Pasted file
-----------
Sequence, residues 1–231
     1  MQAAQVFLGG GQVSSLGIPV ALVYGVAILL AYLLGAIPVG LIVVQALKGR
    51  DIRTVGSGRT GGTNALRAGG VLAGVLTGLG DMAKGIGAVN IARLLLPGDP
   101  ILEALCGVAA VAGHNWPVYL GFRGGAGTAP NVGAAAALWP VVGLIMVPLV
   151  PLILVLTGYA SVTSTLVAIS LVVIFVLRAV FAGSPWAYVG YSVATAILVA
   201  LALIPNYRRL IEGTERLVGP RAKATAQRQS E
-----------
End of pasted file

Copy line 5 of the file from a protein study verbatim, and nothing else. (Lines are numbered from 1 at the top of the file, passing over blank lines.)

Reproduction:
   151  PLILVLTGYA SVTSTLVAIS LVVIFVLRAV FAGSPWAYVG YSVATAILVA